The arrival of Google Street View in Germany has not been without controversy. Indeed, thousands of Germans decided to opt out of the program and asked Google to blur their houses. Faced with the issues, Google decided to roll this service out slowly in Germany, starting with one small town two weeks ago. Today, however, Google is bringing Street View to Germany's 20 largest cities, including Hamburg, Munich, Cologne and Berlin.

Just like in other countries, Google also blurs faces and license plates in its Street View images for Germany. The most recent pictures on the site are from February 2010 and the oldest from 2008.

The controversy around Street View kept many Germans from allowing images of their houses to be shown on the service, the mayor of Markt Overstaufen - the first town to appear on Street View - told the Germany's c't magazine that he did not receive a single complaint about the service from his constituents. Overall, though, the reaction to today's expansion is anything but positive.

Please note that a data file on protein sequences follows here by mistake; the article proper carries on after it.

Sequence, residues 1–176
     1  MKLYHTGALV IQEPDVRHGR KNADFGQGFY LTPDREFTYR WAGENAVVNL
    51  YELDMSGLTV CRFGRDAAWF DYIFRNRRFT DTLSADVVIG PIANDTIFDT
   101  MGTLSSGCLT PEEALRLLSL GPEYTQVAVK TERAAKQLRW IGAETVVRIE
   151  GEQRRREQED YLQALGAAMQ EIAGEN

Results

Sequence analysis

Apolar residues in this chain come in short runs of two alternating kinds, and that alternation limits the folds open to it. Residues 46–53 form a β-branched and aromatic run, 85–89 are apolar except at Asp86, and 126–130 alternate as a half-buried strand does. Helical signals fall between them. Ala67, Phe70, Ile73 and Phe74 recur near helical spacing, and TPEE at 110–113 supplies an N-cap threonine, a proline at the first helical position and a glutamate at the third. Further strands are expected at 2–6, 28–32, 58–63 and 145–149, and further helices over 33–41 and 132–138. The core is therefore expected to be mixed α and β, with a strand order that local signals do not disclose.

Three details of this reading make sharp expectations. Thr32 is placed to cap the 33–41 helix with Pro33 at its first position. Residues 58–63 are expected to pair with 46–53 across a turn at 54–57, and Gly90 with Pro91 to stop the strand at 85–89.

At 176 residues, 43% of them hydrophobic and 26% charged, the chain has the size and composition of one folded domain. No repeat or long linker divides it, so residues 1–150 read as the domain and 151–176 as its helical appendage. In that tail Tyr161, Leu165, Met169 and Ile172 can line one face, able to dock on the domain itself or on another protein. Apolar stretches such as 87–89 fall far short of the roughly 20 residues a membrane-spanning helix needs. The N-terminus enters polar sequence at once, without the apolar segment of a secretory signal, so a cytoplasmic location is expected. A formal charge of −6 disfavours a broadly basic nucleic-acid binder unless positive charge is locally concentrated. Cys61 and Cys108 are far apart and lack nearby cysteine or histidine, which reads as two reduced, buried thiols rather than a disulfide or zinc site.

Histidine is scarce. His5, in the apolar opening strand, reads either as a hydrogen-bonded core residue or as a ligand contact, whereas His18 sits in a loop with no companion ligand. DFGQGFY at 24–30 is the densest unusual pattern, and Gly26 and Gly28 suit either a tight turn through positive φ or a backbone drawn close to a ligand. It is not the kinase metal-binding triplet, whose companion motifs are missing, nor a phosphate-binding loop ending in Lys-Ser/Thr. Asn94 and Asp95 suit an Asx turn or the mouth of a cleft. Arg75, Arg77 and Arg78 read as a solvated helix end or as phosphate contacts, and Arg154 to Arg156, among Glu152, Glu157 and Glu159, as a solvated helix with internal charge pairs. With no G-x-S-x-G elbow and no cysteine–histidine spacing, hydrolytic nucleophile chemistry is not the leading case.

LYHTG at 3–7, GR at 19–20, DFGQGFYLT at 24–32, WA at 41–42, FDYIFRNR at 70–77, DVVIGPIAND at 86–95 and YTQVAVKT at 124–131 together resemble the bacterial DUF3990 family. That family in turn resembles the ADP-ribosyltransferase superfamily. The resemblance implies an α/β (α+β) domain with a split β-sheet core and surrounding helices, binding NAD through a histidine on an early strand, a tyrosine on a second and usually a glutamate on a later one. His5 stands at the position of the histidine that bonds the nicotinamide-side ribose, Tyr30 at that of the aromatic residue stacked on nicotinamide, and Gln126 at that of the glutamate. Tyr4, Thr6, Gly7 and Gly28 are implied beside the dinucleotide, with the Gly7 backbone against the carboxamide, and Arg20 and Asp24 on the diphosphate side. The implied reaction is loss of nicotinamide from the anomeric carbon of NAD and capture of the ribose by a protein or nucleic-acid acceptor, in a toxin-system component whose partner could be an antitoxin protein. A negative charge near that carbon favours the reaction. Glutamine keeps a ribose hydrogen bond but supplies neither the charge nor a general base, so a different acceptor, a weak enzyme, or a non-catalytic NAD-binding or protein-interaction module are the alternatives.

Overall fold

Resistance Grows

Google is clearly hoping for a positive reaction to this expansion, but looking at the current online discussions around this topic, it quickly becomes clear that there is still a lot of resistance - even among Germany's most Internet-savvy users. Just like in the early days of Street View in the U.S., users are concerned that thieves could use the service to scoop out new targets or that government bureaucrats could use it to snoop on citizens.

From the American perspective, it seems somewhat odd that people would want to hide images of their houses from the Internet and that this could stir up such strong emotions, but it also doesn't help that, as Spiegel Online reports, some of the houses that were supposed to be blurred are still visible from some perspectives.